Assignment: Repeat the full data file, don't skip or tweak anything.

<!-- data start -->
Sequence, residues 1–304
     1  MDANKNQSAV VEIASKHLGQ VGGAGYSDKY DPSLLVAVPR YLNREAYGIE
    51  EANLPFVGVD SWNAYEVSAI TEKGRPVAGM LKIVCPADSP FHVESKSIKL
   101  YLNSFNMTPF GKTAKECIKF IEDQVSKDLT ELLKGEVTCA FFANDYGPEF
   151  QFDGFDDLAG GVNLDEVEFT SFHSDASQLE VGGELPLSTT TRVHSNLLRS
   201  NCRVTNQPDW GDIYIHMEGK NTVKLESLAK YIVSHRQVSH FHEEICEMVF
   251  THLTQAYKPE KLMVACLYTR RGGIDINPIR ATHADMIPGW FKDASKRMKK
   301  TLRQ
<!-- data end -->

Sequence, residues 1–304
     1  MDANKNQSAV VEIASKHLGQ VGGAGYSDKY DPSLLVAVPR YLNREAYGIE
    51  EANLPFVGVD SWNAYEVSAI TEKGRPVAGM LKIVCPADSP FHVESKSIKL
   101  YLNSFNMTPF GKTAKECIKF IEDQVSKDLT ELLKGEVTCA FFANDYGPEF
   151  QFDGFDDLAG GVNLDEVEFT SFHSDASQLE VGGELPLSTT TRVHSNLLRS
   201  NCRVTNQPDW GDIYIHMEGK NTVKLESLAK YIVSHRQVSH FHEEICEMVF
   251  THLTQAYKPE KLMVACLYTR RGGIDINPIR ATHADMIPGW FKDASKRMKK
   301  TLRQ